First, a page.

My list for the families is not too long: Special Arrow, Terminator, Curved Tail, Curved Head, and a Straight Tendon with Arrow and Terminator. The Arrow and Terminator will be Annotation families and the rest Detail Components.

Family Creation

Arrow symbol

  • Start a new Family with the Generic Annotation family template.
  • Create a triangular filler region.
  • Add lines around the filled region. The lines should be the same line weight you choose for the PT symbols, below.
  • Save the Family as your Arrow symbol.

Terminator symbol

  • Start another new Family with the Generic Annotation family template.
  • Draw a short line for the tail (make the length match your AutoCAD® standard).
  • Save the Family as your Terminator symbol.

PT Head and PT Tail symbols

  • Start a new Family with the Generic Annotation family template.
  • Add an arc about ¾ to 1” long from the origin tangent to the horizontal reference plan.
  • At the end of the arc add the Arrow symbol perpendicular to the arc.
  • Save as your PT Head symbol.
  • Repeat using the Terminator symbol to create your PT Tail symbol.

Figure 11

PT Head and PT Terminator Detail Components

  • Open a new Family using the Detail Items family template.
  • Load the PT Head symbol you created and add vertical and horizontal controls for flipping.
  • Save as PT Head Detail Components.
  • Open another new Family using the Detail Items family template and repeat the above using your PT Terminator symbol.
  • Save as PT Terminator Detail Component
  • Load both families into the project.

Figure 12

Tendon

To make a tendon we will use the new Arrow and Terminator symbols.

  • Open a new family with the Detail Item Line-Based family template.
  • Load the families Arrow and Terminator.
  • Insert these two at the origin.
  • Add a line from the origin to the reference plane.
  • At the other of this line again insert an Arrow and a Terminator symbol.
  • Dimension the end of the Arrow and the Terminator separately.
  • Create the same label for all dimensions (this way they will move together when you stretch).

Figure 13

  • Select the Right Arrow and at the label create an Instance parameter.

 

Figure 14

  • Select the Right Terminator and at the label create an Instance parameter
  • Do the same for the Left Arrow and Terminator. You will now have four Instance parameters.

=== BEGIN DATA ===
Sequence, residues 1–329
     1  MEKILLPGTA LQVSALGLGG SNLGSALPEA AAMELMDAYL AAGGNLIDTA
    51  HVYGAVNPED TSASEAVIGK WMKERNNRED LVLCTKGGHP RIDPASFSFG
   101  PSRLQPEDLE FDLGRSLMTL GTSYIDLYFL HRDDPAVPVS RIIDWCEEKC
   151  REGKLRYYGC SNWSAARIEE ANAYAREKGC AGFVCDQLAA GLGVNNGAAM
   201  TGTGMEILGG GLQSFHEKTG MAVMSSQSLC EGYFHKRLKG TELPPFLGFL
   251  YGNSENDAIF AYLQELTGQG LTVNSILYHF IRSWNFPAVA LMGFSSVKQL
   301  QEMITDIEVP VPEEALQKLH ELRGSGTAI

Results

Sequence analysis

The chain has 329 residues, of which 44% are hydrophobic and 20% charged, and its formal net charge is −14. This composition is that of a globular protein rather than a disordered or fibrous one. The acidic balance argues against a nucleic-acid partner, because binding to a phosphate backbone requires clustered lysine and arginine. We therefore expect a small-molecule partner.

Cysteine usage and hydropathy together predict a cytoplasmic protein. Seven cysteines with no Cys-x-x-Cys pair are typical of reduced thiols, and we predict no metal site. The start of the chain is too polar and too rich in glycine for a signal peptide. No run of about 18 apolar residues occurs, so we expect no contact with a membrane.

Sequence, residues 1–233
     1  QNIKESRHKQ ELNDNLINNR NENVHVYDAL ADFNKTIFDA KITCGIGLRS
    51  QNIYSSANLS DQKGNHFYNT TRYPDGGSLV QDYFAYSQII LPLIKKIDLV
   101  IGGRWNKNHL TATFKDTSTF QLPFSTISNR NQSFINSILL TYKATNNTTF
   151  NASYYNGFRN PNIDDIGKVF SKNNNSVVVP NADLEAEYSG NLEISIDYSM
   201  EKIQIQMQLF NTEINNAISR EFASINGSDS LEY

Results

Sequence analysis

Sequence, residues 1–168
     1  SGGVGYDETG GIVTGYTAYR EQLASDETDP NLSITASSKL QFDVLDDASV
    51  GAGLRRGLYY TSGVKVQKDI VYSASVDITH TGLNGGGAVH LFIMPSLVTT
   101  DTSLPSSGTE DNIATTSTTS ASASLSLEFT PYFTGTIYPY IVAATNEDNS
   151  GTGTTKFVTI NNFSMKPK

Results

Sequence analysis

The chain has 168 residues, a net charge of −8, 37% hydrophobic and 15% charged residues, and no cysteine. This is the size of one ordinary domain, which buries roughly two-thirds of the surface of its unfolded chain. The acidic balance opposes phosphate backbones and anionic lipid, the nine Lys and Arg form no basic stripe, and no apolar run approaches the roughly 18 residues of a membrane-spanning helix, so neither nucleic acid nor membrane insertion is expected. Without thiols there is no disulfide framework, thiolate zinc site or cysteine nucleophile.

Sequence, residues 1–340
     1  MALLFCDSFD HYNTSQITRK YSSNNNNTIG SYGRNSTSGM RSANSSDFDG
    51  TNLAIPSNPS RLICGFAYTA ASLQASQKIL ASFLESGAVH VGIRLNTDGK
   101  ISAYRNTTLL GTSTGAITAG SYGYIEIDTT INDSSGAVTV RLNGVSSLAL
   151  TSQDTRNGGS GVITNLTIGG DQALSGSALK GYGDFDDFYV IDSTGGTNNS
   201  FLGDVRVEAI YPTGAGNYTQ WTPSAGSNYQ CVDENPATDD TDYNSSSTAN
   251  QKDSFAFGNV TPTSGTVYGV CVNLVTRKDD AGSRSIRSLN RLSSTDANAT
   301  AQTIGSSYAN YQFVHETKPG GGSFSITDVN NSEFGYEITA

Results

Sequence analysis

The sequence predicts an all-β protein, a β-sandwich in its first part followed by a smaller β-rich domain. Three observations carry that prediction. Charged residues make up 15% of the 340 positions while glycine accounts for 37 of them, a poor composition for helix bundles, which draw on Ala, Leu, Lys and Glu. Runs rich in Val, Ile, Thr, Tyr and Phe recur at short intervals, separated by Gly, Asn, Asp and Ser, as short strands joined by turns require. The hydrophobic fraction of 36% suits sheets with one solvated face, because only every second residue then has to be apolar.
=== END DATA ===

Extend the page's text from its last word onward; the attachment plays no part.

Figure 15

  • Save as your Tendon Family.
  • Load the Tendon Family into the project.

The detail components will be stretchable, and you can turn the arrows and terminators on or off at each end. This Tendon Family will be used for the majority of the PT representations in your model.

Figure 16

When you have a curved portion between the straight lines, just add a spline line between the tendon detail components. When you have intermediate fix points, just add the tail family as shown in Figure 13.

The extent of the tendons can be defined with the same special dimension style used for the mild steel.

Figure 17

The tendon Height and Pull Force is simple text added as needed.

Conclusion

Setting up all these families, symbols, and detail components will seem like a lot of work at first, but using them instead of drawing each 2D tendon individually will save you an enormous amount of time and frustration as you create the initial project model and make the many inevitable modifications.

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About the Authors

Anamaria Brown

Anamaria Brown

Anamaria Brown is the owner of AMB Structural CAD, an AutoCAD and Revit consulting firm that specializes in drafting complex AutoCAD projects and Revit modeling. A structural engineer in her native Romania, she escaped to the United States in 1985 and almost immediately began working as a drafter for Skidmore Owings Merrill at the beginning of the CAD revolution. Deeply involved with Draft, Microstation, and the development of SOM’s AES, she quickly became the major projects CAD team leader for SOM, and later for Epstein and Sons and Thornton Thomasetti. As a member of the National CAD Standards Committee she was involved with the creation of Version 3 of the NCS. Most recently she worked for TRC Worldwide in Sarasota, Florida. You may contact Anamaria through her website, AMBStructuralCAD.com, via email to AMBrown@ambstructuralcad.com or by phone at 941.735.6186